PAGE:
“Steve Ross had a vision and for us to truly host the world’s great big events, and for that to be true, Formula One has got to be on that list,” Garfinkel told The Associated Press. “I don’t know there’s another stadium in the world that can say they’ve had Serena Williams, Roger Federer, Lewis Hamilton and Max Verstappen, Patrick Mahomes and U2 and Jay-Z and Beyonce and Messi and Neymar all at the same venue.”

The event is the hottest ticket in sports right now. George Lucas was a guest Saturday, and so was Greg Norman, Michael Strahan and Jeff Gordon. The English entertainer James Corden has been in the paddock three consecutive days, and Buffalo Bills quarterback Josh Allen was hanging outside McLaren hospitality awaiting friend Daniel Ricciardo.

“The demands from sponsors and fans has been off the charts, unlike anything I’ve seen in my time in Formula One,” said McLaren head Zak Brown, an American. “I really like where we are in North America as far as Formula One’s popularity.”

Garfinkel was pursuing a race in Miami long before F1 built a fast and frenzied American following behind the Netflix docuseries “Drive To Survive.” The race wasn’t officially added to the 2022 calendar until last season – it gives the United States two races for the first time since 1984 – but the first meetings were in early 2018.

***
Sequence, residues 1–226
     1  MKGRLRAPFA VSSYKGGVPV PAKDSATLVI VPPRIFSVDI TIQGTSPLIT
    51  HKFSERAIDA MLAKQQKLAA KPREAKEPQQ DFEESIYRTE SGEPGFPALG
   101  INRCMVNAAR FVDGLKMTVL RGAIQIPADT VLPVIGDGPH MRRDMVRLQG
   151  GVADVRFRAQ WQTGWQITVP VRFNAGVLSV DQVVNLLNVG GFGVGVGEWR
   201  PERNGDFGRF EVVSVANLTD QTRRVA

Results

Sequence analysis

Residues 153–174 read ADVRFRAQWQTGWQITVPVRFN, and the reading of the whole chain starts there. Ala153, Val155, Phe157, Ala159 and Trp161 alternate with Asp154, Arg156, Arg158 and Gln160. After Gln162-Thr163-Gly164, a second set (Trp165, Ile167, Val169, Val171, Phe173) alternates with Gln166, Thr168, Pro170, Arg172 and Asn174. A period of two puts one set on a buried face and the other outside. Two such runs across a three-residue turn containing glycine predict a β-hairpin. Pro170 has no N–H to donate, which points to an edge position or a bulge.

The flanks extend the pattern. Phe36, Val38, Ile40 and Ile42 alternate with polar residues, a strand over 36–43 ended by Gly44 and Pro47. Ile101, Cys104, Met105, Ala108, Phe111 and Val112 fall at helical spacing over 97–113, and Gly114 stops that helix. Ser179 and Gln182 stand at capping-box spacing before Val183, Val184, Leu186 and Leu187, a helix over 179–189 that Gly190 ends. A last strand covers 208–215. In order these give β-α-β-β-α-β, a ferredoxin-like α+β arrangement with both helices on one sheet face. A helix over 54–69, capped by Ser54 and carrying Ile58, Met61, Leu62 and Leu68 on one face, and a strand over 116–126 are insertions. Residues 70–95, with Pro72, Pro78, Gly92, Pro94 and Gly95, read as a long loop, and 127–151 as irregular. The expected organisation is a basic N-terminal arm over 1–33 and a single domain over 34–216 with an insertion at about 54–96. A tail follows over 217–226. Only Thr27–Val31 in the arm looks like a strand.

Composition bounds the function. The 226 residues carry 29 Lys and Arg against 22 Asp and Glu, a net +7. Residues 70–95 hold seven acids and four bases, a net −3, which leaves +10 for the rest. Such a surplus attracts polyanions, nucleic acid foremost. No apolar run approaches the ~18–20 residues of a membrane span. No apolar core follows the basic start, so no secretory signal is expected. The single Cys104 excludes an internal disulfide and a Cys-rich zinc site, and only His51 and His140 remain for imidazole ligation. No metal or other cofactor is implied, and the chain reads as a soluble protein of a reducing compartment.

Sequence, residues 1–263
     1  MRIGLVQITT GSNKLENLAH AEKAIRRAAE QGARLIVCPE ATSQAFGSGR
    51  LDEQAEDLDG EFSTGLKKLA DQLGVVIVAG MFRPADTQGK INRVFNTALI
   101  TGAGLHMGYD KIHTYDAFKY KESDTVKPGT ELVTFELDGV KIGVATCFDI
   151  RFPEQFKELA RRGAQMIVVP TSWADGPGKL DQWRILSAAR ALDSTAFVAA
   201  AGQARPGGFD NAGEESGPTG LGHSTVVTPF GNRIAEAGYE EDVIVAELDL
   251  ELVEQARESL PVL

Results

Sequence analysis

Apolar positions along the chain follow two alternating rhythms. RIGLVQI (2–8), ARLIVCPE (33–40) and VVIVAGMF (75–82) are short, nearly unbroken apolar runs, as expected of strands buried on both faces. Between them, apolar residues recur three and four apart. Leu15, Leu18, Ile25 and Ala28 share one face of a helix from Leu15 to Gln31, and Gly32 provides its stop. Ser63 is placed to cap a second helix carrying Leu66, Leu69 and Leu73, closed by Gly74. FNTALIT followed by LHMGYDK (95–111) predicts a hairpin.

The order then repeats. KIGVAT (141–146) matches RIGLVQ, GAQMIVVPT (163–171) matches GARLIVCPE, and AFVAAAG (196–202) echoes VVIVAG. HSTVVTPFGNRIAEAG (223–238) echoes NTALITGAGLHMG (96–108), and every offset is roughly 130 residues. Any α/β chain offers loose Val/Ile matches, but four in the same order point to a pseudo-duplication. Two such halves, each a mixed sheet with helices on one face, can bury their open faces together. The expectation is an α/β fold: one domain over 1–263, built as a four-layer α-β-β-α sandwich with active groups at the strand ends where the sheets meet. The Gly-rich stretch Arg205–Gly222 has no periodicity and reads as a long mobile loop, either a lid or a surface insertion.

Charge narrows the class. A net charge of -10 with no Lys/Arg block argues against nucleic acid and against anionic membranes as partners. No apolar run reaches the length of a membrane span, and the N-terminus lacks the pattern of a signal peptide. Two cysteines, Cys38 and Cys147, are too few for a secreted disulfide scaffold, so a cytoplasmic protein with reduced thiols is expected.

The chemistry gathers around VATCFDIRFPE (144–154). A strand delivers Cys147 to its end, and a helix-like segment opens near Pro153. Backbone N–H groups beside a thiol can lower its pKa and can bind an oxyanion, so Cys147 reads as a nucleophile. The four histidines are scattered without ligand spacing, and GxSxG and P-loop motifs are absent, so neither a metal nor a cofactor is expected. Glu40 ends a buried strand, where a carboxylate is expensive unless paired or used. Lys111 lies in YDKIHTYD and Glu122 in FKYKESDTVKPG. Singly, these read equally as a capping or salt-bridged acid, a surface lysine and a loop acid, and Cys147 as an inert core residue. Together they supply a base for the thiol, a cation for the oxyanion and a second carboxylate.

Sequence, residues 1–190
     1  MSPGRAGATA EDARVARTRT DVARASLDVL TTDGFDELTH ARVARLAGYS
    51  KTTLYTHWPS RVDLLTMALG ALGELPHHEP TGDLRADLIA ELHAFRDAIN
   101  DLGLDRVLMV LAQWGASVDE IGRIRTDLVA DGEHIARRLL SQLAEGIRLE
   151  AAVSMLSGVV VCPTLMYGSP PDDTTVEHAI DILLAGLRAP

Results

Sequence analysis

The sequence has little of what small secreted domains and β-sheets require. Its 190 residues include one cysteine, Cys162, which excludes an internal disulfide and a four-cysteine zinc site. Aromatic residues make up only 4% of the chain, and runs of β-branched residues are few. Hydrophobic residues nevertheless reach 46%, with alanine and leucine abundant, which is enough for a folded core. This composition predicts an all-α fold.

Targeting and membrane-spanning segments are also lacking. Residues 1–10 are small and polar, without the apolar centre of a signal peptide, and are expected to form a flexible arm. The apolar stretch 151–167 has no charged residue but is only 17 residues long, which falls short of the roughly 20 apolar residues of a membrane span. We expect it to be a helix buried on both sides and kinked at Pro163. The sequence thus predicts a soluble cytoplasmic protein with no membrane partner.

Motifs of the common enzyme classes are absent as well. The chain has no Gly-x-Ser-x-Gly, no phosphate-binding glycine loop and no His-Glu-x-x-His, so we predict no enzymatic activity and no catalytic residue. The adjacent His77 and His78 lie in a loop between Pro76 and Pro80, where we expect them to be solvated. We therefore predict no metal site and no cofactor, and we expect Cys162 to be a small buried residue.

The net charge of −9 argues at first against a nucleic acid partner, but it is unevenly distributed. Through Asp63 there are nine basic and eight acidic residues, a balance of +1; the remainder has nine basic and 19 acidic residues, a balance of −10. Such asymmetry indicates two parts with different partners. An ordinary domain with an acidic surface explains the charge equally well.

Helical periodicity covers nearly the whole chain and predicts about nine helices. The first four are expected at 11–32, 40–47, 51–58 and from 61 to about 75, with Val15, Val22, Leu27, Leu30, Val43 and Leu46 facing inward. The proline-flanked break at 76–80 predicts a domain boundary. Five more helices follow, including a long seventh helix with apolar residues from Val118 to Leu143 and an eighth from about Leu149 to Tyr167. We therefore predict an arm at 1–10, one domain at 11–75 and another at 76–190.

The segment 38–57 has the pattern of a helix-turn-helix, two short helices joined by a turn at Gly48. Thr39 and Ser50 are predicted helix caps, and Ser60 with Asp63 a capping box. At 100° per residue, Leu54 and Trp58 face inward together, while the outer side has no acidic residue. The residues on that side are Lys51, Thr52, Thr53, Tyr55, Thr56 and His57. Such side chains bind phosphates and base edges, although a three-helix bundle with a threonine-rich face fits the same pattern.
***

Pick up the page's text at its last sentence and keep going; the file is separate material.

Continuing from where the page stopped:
F1 had been purchased by Liberty Media, an American company, and Garfinkel figured the U.S. might have a shot at expansion. Miami is the 11th different venue to host an F1 race in the United States, but the series had struggled to gain traction in the country until late. The U.S. went four years without an F1 event before Circuit of America’s in Austin, Texas, brought the European series back to the States in 2012.

It took years for COTA to grow, and behind the “DTS” mania last year’s race in Austin drew more than 300,000 over three days. The U.S. will have three races in 2023 when the Las Vegas Strip is added to the F1 calendar.

The buzz is “mega,” said Mercedes head Toto Wolff.

“The city is hyped – is that how you say it?” Wolff said. “Formula One is all around, the amount of guest requests we have is amazing. I think we’ve finally landed in North America.”